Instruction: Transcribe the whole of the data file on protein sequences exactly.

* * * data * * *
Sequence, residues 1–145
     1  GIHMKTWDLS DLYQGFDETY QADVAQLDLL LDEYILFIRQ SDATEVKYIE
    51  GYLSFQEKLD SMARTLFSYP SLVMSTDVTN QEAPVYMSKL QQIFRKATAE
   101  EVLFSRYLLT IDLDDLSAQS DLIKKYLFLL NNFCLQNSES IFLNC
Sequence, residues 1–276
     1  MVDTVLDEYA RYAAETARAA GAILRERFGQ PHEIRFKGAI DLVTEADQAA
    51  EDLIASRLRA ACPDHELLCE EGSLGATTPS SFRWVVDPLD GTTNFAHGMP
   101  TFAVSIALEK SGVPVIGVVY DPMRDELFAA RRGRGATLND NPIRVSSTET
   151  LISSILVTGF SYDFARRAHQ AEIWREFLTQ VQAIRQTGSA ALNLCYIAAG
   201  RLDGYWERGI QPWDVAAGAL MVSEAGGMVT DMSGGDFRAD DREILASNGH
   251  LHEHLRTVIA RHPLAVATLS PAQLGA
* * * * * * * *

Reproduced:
Sequence, residues 1–145
     1  GIHMKTWDLS DLYQGFDETY QADVAQLDLL LDEYILFIRQ SDATEVKYIE
    51  GYLSFQEKLD SMARTLFSYP SLVMSTDVTN QEAPVYMSKL QQIFRKATAE
   101  EVLFSRYLLT IDLDDLSAQS DLIKKYLFLL NNFCLQNSES IFLNC
Sequence, residues 1–276
     1  MVDTVLDEYA RYAAETARAA GAILRERFGQ PHEIRFKGAI DLVTEADQAA
    51  EDLIASRLRA ACPDHELLCE EGSLGATTPS SFRWVVDPLD GTTNFAHGMP
   101  TFAVSIALEK SGVPVIGVVY DPMRDELFAA RRGRGATLND NPIRVSSTET
   151  LISSILVTGF SYDFARRAHQ AEIWREFLTQ VQAIRQTGSA ALNLCYIAAG
   201  RLDGYWERGI QPWDVAAGAL MVSEAGGMVT DMSGGDFRAD DREILASNGH
   251  LHEHLRTVIA RHPLAVATLS PAQLGA